According to Dictionary.com plagiarism is defined as “the unauthorized use or close imitation of the language and thoughts of another author and the representation of them as one's own original work, as by not crediting the author. Synonyms: appropriation, infringement, piracy, counterfeiting; theft, borrowing, cribbing, passing off.
Authors sometimes think of plagiarism as copying or borrowing another's work; use of these words to describe this activity misrepresents or masks the seriousness of this act. Simply put, plagiarism is fraud; plagiarism is a form of cheating that steals credit that is owed to another author. In instances where the intellectual property that was plagiarized was copyrighted, law protects the material. Many times, however, the plagiarized material was not copyrighted. The act of plagiarism is not embodied in civil or criminal legal statutes; however, the consequences of plagiarizing material is an act of ethical wrong-doing that can lead to loss of integrity, credibility, and employment. Needless to say, plagiarism is not tolerated in the Department of Chemistry and Biochemistry.
The following examples constitute plagiarism; the list is not exhaustive:
- Submitting purchased intellectual property
- Submitting someone else’s work as your own
- Rough paraphrasing of another person’s written or spoken words
- Not using quotations marks to designate a quotation
- Using another’s intellectual property without proper citations, including, but not limited to: ideas, facts, statistics, graphs, drawings, lab results, and pictures
- Lengthy paraphrasing within your work
- Copying or pasting (content scraping) of internet materials into your work
Permitting others to use your work as their own is a breach of academic integrity in which both parties are guilty.
The department policy is consistent with that of the University: “A Zero, or whatever is the equivalent of the lowest failing grade possible, shall be assigned for that piece of work to any student plagiarizing on a non-final piece of work. In the case of a student plagiarizing on a final research paper or project, an F shall also be assigned as the course grade.
For repeated or aggravated offenses of cheating and or plagiarism, additional action, including dismissal from the University, may be taken pursuant to the Student Handbook procedures related to the University Judicial System and the disciplinary sanctions for violation of University regulations.”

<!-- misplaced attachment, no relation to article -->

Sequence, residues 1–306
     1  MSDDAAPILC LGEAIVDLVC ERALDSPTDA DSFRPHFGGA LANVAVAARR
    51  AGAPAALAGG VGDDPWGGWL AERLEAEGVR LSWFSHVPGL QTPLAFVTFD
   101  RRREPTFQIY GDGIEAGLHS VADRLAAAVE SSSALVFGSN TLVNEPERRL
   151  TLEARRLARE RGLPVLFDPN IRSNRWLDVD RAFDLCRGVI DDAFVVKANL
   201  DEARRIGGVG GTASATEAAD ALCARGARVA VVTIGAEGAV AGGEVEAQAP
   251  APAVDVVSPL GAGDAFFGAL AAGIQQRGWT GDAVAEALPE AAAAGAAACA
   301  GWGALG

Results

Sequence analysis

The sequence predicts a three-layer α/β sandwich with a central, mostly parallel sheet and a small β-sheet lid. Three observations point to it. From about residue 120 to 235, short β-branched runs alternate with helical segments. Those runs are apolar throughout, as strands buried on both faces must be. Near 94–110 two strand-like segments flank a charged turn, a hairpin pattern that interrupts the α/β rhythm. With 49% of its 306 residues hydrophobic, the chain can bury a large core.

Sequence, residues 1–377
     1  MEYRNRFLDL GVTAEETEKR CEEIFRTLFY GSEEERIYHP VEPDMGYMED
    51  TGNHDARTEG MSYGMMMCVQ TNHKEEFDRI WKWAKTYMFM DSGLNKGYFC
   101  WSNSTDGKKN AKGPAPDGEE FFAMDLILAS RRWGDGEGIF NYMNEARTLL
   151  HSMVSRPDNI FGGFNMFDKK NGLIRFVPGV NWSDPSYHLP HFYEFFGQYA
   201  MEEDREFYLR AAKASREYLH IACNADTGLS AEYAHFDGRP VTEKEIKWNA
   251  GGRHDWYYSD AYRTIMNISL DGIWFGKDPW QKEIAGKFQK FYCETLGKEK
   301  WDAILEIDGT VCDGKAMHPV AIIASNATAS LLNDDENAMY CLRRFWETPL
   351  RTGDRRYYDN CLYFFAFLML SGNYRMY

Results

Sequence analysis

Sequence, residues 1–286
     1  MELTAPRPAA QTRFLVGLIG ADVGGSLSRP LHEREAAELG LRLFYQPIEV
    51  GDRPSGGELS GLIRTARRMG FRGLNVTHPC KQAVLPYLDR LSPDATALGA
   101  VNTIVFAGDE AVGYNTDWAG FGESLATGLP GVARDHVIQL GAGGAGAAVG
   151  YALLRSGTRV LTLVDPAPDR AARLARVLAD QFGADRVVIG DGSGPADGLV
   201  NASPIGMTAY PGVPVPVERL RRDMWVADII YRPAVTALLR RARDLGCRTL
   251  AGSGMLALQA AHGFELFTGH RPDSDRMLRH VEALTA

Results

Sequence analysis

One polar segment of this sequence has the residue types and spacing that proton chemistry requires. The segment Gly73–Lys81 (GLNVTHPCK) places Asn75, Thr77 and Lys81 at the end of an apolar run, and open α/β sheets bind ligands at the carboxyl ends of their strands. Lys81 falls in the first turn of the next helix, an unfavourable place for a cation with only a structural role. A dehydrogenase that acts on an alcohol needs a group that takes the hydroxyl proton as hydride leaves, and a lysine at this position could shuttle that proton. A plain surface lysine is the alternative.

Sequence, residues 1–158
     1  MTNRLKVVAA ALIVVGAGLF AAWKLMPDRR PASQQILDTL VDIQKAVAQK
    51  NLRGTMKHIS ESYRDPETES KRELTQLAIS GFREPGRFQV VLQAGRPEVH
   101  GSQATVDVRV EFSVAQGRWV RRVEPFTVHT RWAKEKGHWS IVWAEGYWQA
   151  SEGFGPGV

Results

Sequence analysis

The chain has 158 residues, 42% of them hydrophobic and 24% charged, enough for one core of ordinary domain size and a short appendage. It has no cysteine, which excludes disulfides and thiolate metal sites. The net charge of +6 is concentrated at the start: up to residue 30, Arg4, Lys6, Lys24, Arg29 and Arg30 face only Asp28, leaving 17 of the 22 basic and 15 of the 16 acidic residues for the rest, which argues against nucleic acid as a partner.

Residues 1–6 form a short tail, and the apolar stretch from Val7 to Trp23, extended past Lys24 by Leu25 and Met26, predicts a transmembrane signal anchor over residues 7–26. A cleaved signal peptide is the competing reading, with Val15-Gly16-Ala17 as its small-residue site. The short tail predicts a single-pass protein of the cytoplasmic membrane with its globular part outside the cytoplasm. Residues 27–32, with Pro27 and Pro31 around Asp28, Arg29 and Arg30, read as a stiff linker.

How to Avoid Plagiarism
Cite sources! Many times plagiarism can be avoided by citing sources. Doing so provides your audience with the information necessary to find the source. The Graduate School at the University of Alabama-Birmingham has developed guidelines that when followed will help ensure academic integrity during the preparation of your assignments (Guidelines for Effective (& Ethical) Paraphrase; www.uab.edu/graduate:
- Read and understand the original source. Use a highlighter pen only if you are going to make notes also.
- Write the bibliographic information down carefully and completely.
- For Internet sources, print the Web pages you are using (as Web addresses frequently change), and note the date you accessed the page.
- Make notes, using words, phrases, or a short string of words. Do NOT copy sentences or long sections of text.
- Leave the material for a period of time, at least several hours and preferably several days.
- When you write your paper, use only the notes you have taken. Never write your paper looking directly at the original text. Absolutely never write your paper with photocopies of original texts in which sentences have been highlighted spread around you on a table or the floor.
- Place appropriate citations in your text to indicate sources.
- After writing a complete section such as a literature review, verify details included in your paper by using the original text.
- Add details or make other adjustments if what you have written misrepresents the original text.
Footnote formatting in chemical publications is often journal specific. Before writing a journal article, check the formatting requirements.
A good general source for formatting footnotes in chemical manuscripts is: Dodd, J. S., Ed. The ACS Style Guide: A Manual for Authors and Editors, Second Edition, American Chemical Society: Washington, DC, 1997.
Electronic Plagiarism Checkers
Before turning in an assignment, paper, or laboratory report, etc., we recommend that you use one of the resources listed below to check for potential plagiarism in your work.
- http://www.google.com/ Type in phrases and sentences using the advanced search menu.
Bradley University Library Resources
- Harris, R. A. Using Sources Effectively: Strengthening Your Writing and Avoiding Plagiarism; Pyrczak Pub: Glendale, CA, 2011. Call Number: OVSIZE. LB2369.H37 2011
- Johnson, S.; Scott, J. Study and Communication Skills for the Biosciences; Oxford University Press: Oxford, 2009. QH315.J64 2009
- Himma, K. E.; Tavani, H. T. The Handbook of Information and Computer Ethics; Wiley & Sons: Hoboken, NJ, 2008. Call Number: QA76.9.M65 H36 2008
- Fox, T.; Johns, J.; Keller, S. Cite It Right: the Source Aid Guide to Citation, Research, and Avoiding Plagiarism, 3rd ed.; SourceAid LLC, Osterville, MA, 2007. Call Number: REF. PN171.F56 F69 2007
- Haviland, C. P.; Mullin, J. A. WHO OWNS THIS TEXT? Plagiarism, Authorship, and Disciplinary Cultures; Utah State University, Logan, UT, 2009, Call Number: PN 167.W46 2009
- Gallant, T. B. Creating the Ethical Academy. A Systems Approach to Understanding Misconduct and Empowering Change in Higher Education; Routledge, New York, NY, 2011, Call Number: LB 3609.C74 2011